As a young pharmacy intern, Daniel Ventricelli received an unforgettable lesson in how pharmacies can sometimes pose barriers to accessing potentially life-saving buprenorphine for patients with opioid use disorder (OUD).
A woman had arrived at the pharmacy around 5 p.m. to pick up her buprenorphine prescription, but the script she thought had been sent from her clinic wasn't on file. Ventricelli's repeated calls to the clinic weren't being answered. As the patient grew increasingly anxious about what she would face without immediate access to the medication, the pharmacist whispered in Ventricelli's ear, “Get her out of here. She's crazy.”
Fortunately, the story had a positive ending. Ventricelli pressed on and kept calling the clinic. Someone finally answered, and an error on the fax of the prescription was corrected. The patient's script was delivered.
“I wonder what could have happened if she was brushed away,” Ventricelli said Wednesday at a breakout session during the virtual Rx Drug Abuse & Heroin Summit. “I wonder how frequent or common this must be.”
Ventricelli, PharmD, assistant professor of clinical pharmacy at the Philadelphia College of Pharmacy, University of the Sciences, and Alysson Light, PhD, assistant professor of psychology at the University of the Sciences, co-presented a session on issues of access to buprenorphine at community pharmacies. While much research has examined issues around provider capacity to prescribe buprenorphine, there is comparatively little data on access issues once the patient has a prescription and seeks to fill it, they said.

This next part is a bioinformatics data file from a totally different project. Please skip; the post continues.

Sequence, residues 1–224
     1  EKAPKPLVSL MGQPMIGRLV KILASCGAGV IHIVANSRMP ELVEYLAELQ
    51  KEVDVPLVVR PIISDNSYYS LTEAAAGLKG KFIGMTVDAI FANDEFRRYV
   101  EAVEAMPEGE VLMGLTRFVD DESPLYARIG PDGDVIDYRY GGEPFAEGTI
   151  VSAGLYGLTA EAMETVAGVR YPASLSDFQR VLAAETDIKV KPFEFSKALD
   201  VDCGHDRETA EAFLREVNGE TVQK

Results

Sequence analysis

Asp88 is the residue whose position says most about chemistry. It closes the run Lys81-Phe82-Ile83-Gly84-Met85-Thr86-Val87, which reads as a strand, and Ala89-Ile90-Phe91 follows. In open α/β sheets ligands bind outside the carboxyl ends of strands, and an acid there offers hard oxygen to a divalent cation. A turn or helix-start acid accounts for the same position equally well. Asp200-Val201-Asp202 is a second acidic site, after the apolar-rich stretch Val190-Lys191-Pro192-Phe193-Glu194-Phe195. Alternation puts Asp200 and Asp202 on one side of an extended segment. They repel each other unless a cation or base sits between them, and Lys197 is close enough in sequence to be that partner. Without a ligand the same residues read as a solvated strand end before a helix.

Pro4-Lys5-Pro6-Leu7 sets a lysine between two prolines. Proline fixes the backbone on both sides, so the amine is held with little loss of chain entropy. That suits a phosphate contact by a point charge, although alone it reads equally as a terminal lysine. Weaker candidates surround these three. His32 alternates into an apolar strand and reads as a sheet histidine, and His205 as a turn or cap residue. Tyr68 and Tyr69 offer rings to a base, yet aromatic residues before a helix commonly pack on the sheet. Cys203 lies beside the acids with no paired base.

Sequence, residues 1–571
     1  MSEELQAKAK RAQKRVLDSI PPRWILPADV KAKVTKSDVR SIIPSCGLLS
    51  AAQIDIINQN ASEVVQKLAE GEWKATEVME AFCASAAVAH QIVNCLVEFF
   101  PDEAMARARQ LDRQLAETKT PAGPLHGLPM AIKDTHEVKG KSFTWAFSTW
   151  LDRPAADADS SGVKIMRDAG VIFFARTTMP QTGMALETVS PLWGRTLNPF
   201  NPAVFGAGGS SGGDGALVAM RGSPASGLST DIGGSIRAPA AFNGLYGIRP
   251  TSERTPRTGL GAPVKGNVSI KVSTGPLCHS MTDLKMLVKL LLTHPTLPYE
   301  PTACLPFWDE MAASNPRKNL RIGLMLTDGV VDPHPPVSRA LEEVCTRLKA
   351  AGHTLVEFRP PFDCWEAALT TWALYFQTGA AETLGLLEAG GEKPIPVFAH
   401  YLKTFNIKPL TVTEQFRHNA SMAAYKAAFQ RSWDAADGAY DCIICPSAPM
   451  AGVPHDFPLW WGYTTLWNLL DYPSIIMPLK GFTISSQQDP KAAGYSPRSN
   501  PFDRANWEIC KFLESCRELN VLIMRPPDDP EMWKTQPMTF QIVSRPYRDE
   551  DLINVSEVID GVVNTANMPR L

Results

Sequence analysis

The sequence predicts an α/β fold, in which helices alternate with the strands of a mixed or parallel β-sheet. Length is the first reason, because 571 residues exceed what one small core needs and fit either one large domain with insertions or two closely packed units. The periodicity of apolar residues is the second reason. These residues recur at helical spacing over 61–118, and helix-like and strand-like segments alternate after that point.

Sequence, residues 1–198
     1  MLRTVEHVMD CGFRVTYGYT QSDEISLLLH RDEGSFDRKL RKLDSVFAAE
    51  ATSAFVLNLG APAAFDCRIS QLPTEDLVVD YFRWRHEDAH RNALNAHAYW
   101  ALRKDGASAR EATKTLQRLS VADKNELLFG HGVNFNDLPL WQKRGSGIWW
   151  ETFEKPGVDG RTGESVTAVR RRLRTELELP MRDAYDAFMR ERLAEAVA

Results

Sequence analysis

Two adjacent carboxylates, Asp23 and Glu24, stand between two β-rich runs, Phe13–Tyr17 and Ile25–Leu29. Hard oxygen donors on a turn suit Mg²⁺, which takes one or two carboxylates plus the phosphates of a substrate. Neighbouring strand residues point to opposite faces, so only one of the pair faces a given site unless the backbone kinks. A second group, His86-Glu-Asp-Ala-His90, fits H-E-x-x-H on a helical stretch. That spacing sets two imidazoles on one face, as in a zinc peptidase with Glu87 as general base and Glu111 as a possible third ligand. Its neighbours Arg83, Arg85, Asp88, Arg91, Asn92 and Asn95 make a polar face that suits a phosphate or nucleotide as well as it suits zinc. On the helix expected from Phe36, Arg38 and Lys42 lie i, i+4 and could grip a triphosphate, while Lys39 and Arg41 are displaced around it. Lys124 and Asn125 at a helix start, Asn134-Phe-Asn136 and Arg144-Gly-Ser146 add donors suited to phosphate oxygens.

Ventricelli and Light presented unpublished results of a survey of Pennsylvania community pharmacists, conducted with the help of the state pharmacists association. Combining all of the many factors that might affect a pharmacist's decision on whether to dispense buprenorphine, the survey concluded that community pharmacists were only “mildly” in favor of dispensing the partial agonist medication for OUD.
Helpful factors, such as the perception of doing something positive for patients, were offset to some degree by concerns about barriers, such as dealing with insurance obstacles or addressing mixed messages from regulators.
“The results suggest there is some ambivalence underlying this,” Light said.
Around 70% of the survey's 130 respondents were independent pharmacists (the final sample size for the results that will be peer-reviewed is 64). The researchers found that pressures from outside entities have a potentially strong effect on pharmacists' decision-making around buprenorphine.
“Pharmacists do not feel completely in control in being able to dispense buprenorphine when they want to,” Light said. Multiple factors can contribute to this. Ventricelli said that when asked in the survey about the most important factor considered in the decision-making process, community pharmacists most frequently cited data in the prescription drug monitoring program (PDMP), followed by prescriber location and patient insurance coverage.
There are many opportunities for prescribers and pharmacists to collaborate more closely, but each group's roles and responsibilities need to be more clearly defined, Ventricelli suggested. Some prescribers have reported that they can't always trust community pharmacists to fill buprenorphine prescriptions, leaving them in some cases to resort to ordering medication from mail-order pharmacies for their clinics.
Results of the pharmacist survey also indicated a rural divide in responses, with rural pharmacists having a considerably more negative attitude about dispensing buprenorphine. Much of this concern stemmed from worries over staff safety and possible theft or diversion of medication, Light said. She believes much of this can be addressed with proper messaging delivered by leaders who understand rural communities.